Parents and caregivers should be available to encourage communication and provide explanations when children are permitted to watch television or use the Internet if images or news about the disaster are being shown.

Parents can also limit their own exposure to anxiety provoking information.

Use support networks

Parents and caregivers can best help children when they understand their own feelings and have developed ways of coping themselves. One way of doing this is to build and use social support systems of family, friends, community organizations, faith-based institutions or other resources. In the event a disaster strikes, they can call on these support systems to help them manage their reactions. In turn, parents and caregivers are more available and better able to support their children.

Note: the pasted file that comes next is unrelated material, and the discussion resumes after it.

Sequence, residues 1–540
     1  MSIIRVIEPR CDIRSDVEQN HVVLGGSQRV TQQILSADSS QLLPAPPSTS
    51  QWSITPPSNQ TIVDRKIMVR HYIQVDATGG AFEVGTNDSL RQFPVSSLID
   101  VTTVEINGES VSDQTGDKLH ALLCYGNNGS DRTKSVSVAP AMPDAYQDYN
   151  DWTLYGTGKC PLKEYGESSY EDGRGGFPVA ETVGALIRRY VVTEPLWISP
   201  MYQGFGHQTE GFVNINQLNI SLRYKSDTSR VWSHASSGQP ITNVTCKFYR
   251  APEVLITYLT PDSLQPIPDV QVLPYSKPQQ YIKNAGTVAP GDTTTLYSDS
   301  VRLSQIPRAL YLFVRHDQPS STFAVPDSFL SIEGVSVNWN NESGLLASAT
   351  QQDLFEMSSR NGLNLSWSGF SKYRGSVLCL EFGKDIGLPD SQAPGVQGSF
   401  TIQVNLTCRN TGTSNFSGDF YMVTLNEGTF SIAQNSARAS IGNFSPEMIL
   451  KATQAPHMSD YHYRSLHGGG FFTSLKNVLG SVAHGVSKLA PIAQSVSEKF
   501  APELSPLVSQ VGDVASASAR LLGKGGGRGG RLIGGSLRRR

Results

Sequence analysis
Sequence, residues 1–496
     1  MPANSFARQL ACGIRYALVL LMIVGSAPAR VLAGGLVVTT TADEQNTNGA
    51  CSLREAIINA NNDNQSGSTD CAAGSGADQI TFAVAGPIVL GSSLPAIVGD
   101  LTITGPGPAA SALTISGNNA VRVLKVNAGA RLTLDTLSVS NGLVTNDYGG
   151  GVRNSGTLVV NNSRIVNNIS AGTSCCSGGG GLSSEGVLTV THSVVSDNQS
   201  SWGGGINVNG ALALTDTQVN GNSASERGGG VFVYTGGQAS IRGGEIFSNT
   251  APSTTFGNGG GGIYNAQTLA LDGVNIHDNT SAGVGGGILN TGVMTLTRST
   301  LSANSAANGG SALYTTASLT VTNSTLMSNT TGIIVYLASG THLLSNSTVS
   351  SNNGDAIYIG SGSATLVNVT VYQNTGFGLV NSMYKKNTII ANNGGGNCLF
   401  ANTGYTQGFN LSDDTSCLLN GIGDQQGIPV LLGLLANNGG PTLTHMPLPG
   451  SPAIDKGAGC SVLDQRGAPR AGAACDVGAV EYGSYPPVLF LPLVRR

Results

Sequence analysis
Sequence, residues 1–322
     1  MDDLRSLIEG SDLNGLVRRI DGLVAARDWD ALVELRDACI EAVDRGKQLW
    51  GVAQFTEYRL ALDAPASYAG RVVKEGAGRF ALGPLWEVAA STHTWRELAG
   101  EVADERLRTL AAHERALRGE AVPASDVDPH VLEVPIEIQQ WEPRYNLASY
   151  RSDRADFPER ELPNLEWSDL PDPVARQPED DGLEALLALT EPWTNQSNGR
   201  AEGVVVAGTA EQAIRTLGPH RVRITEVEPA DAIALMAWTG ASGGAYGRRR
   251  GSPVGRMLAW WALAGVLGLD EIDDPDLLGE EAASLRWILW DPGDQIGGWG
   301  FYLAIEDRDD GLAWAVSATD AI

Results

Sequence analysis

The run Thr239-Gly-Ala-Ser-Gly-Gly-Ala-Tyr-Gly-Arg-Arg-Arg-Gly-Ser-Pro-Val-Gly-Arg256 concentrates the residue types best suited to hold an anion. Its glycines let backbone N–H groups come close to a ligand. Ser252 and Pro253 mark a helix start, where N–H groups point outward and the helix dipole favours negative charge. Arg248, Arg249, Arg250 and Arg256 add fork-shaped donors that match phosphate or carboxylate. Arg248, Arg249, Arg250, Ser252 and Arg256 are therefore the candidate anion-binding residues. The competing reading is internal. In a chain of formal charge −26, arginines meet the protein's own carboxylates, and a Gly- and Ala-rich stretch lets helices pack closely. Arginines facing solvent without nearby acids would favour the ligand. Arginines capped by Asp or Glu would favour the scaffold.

If a child continues to be very upset by what happened or if reactions interfere with their school work or their relationships at home or with their friends, it may be appropriate to talk with the child’s primary care physician or a mental health provider who specializes in children’s needs.

Prepare your family

Preparing for disaster helps everyone in the family accept the fact that disasters do happen, and that they can do something about it. Families should work together to identify and collect the resources needed to meet basic needs during and after disaster. When people feel prepared, they cope better.

Take the following actions with your family to get prepared:

Get informed. Call your local emergency management office or local American Red Cross chapter and ask about the specific hazards in your community and about your risk to those hazards. Also learn about community response plans, evacuation plans and routes, community warning systems, and nearby buildings that are designated as disaster shelters.

Learn about the emergency plans and procedures that exist in places you and your family spend time. Priority locations include places of employment, schools, and childcare centers.